Book to set record straight for 'Sgt. Smack'
By Catharin Shepard
Published in News on September 17, 2010 1:46 PM
Goldsboro native and former armed forces member Leslie "Ike" Atkinson was convicted of drug trafficking in the Vietnam era -- and now, the 84-year-old drug "kingpin" is telling the story of how he brought a reported $400 million in heroin to the United States.
Released in 2007 after serving more than 30 years in prison, Atkinson is promoting South Carolina author Ron Chepesiuk's book about his life: "Sergeant Smack: The Legendary Lives and Times of Ike Atkinson, Kingpin, and His Band of Brothers."
The book purports to debunk the "cadaver connection" -- a theory, popularized by the 2007 movie "American Gangster," that he and another famously convicted drug lord, Frank Lucas, allegedly smuggled drugs to America inside soldiers' coffins.
Atkinson and Chepesiuk will appear this Sunday at the Wayne County Library in Goldsboro to talk about the story and sign copies of Chepesiuk's book.
Atkinson served 20 years in the U.S. Army and achieved the rank of Master Sergeant before being discharged in 1963. He lived in Europe and was a participant in several gambling operations before moving to Thailand and becoming involved in the Golden Triangle drug trade, he said.
The book examines the ways that Atkinson smuggled heroin to North Carolina from his base of operations in Thailand. But those methods did not include transporting the drug in coffins, a myth that Lucas started, the book claims.
The story presented in the film was "a fantasy and a lie, and I'll challenge anybody that says that," Atkinson said. "...It is virtually impossible to smuggle drugs in coffins, the security that they give the bodies, the remains rather, is just absolutely - you couldn't do that."
Wayne County is, in several ways, at the heart of Atkinson's story. Goldsboro is his birthplace, while Lucas was born in La Grange; the two did not know each other as children and are not related by blood, Atkinson said.
The onetime "kingpin" is looking forward to coming back to Goldsboro for the event, he said.
"I'll get an opportunity to see a lot of people that I know, and I think it'll just be good to come back home and start over again," Atkinson said.
Seymour Johnson Air Force Base was one of the military bases that the drug ring used to bring heroin into the country, shipping the drug through duffel bags and the mail service, Atkinson said.
"Yes it was, it was used by me and my band of brothers that came to live with me in Thailand," he said.
When Atkinson was convicted of drug trafficking, the issue of smuggling through coffins was not part of the evidence that convicted him - because there wasn't any evidence of it ever happening, he said.
"That was not our way of smuggling, there was no reason to change it," he said.
Providing an inside look at the drug trade of the Vietnam era, the book discusses Atkinson's connections with the Southeast Asia drug ring he reportedly ran for a number of years - a ring that, the book claims, brought as much as 1,000 pounds of heroin to the country every year from 1968-1975.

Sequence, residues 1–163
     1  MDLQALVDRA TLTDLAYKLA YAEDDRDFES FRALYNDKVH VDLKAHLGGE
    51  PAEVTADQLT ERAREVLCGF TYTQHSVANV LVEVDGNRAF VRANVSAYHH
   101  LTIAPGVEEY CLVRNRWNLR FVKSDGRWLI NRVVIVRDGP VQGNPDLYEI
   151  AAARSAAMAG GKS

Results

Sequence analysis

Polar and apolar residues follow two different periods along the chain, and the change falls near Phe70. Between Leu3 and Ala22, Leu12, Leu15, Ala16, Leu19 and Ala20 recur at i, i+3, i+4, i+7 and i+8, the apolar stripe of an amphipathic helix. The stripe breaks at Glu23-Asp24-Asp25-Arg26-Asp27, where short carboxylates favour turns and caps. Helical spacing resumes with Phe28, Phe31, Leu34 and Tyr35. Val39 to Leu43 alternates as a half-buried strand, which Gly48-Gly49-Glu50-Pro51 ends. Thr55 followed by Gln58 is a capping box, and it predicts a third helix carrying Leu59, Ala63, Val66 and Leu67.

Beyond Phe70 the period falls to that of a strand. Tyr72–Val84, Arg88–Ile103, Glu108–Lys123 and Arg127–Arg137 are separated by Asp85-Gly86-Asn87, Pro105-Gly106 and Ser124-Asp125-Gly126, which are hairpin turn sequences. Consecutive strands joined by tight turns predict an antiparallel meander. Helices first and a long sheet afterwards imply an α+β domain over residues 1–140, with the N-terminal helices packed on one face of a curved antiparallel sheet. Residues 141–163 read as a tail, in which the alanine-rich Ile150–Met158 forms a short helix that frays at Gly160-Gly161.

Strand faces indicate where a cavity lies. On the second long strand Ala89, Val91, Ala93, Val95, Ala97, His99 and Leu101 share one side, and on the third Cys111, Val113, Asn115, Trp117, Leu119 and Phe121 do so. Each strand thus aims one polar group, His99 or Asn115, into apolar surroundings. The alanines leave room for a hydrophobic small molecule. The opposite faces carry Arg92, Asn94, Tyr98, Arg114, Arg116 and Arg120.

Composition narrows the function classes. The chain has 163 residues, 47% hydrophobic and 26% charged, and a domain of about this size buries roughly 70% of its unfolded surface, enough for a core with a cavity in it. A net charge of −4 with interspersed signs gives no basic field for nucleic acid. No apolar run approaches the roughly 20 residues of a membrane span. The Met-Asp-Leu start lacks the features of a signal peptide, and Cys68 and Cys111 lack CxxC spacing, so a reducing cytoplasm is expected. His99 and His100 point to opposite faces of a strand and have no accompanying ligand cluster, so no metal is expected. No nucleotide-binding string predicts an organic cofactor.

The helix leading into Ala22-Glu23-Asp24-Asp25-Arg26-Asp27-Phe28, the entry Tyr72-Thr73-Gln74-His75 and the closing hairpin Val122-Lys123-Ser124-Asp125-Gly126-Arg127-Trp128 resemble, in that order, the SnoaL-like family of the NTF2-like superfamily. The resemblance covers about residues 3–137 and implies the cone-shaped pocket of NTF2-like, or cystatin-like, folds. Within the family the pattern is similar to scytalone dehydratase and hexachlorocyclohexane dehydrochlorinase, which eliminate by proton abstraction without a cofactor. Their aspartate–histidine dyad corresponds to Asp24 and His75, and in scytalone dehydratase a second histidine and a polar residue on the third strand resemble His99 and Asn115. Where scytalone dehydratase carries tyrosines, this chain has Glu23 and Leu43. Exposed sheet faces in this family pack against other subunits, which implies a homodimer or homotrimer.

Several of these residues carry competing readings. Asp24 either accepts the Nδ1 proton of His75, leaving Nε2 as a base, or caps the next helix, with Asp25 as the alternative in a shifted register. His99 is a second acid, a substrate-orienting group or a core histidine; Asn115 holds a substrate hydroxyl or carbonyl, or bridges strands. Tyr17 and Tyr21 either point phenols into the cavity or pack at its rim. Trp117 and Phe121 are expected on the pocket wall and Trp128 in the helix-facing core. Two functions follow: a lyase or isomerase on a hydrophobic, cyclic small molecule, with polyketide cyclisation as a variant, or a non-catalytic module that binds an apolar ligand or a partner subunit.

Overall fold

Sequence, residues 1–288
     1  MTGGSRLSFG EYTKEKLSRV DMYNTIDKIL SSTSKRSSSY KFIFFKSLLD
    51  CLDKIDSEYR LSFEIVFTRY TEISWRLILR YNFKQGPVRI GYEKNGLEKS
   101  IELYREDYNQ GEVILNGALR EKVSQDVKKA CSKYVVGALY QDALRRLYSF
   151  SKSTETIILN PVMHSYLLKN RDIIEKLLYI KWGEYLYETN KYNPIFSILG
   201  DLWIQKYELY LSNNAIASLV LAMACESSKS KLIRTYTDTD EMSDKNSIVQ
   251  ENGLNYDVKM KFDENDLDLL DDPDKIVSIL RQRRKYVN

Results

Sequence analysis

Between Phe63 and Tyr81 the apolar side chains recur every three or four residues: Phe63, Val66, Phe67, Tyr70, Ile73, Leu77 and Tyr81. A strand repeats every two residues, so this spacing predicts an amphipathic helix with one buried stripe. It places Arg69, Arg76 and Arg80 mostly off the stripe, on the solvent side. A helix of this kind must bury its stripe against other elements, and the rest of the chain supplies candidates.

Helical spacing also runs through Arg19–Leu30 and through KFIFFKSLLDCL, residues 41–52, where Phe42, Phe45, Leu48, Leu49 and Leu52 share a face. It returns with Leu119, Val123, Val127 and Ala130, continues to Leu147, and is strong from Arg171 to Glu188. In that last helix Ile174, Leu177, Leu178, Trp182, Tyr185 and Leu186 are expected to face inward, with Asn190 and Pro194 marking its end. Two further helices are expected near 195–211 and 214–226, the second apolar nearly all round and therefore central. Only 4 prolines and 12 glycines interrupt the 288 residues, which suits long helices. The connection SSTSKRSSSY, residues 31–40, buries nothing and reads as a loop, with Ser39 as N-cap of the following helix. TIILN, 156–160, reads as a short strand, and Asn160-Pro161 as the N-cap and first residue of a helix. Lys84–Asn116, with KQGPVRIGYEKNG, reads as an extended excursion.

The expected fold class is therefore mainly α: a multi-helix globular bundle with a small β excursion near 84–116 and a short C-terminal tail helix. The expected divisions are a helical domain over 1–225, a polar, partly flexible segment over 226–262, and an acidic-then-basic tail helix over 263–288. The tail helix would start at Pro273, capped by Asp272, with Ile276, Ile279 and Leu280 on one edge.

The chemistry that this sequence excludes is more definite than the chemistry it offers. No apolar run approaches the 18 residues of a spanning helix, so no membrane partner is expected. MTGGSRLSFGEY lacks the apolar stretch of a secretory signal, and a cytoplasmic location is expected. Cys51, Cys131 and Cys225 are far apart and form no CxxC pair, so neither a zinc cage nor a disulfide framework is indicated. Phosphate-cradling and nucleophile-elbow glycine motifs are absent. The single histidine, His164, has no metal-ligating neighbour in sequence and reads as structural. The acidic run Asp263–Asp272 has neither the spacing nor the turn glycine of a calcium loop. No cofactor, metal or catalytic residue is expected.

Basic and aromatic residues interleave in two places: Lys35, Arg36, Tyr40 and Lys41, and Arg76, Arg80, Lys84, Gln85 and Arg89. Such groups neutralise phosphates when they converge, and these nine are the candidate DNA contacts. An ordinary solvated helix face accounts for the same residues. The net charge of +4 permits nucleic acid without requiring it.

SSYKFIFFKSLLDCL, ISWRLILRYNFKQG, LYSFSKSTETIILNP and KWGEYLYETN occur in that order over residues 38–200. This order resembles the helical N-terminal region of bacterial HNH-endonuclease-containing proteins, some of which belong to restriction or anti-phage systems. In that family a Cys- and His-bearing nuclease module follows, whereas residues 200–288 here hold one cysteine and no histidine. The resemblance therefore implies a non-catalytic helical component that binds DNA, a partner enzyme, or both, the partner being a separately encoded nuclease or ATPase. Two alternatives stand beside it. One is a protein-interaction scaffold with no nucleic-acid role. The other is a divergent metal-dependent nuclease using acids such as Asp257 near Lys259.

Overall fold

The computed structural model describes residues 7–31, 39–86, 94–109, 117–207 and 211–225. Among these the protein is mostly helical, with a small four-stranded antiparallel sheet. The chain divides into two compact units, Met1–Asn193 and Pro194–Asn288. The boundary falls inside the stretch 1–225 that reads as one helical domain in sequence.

The book's title references the nickname "Sergeant Smack" reportedly given to Atkinson by Drug Enforcement Agency agents, who eventually arrested Atkinson after intercepting a shipment of heroin that was linked to the trafficker.
Atkinson was also famous among law enforcement officials for his remarkably charming and affable nature, Chepesiuk said.
"He never killed anybody, he never carried a gun," he said.
Chepesiuk learned about Atkinson after writing a book on the gangsters of Harlem. After meeting with Atkinson in prison, he set out to write the story that challenges Lucas' smuggling claim, and many of the events of the "American Gangster" film.
"It was the best story I had. I couldn't make this story up. I had a very good character, Ike Atkinson, who everybody liked, whether they were on the right side or the wrong side of the law," Chepesiuk said.
After researching the records of the trial and the DEA investigation, and hearing Atkinson's side of the story, Chepesiuk was convinced enough to declare "case closed" about the long-running rumor, he said.
"It was a myth created by the American media and sloppy journalism, and when Lucas came out, nobody checked out his story," Chepesiuk said.
Now living in Raleigh, Atkinson has a different view of his activities in the 1960s and 1970s. He was not a "poster guy" for the service, but he remains proud of his 20 years in the Army despite wishing he had not become involved in drug smuggling.
"The lesson learned there was a bad thing. I made a very, very bad mistake, and I've already asked the Lord before I come back home to forgive me," he said.
Atkinson and Chepesiuk will be at the Wayne County Public Library on Ash Street at 2 p.m. Sunday to talk about the book and sign copies. There will also be a preview showing of a DVD about Atkinson's life.
Chepesiuk is a freelance journalist, former Fulbright Fellow and author of more than two dozen books.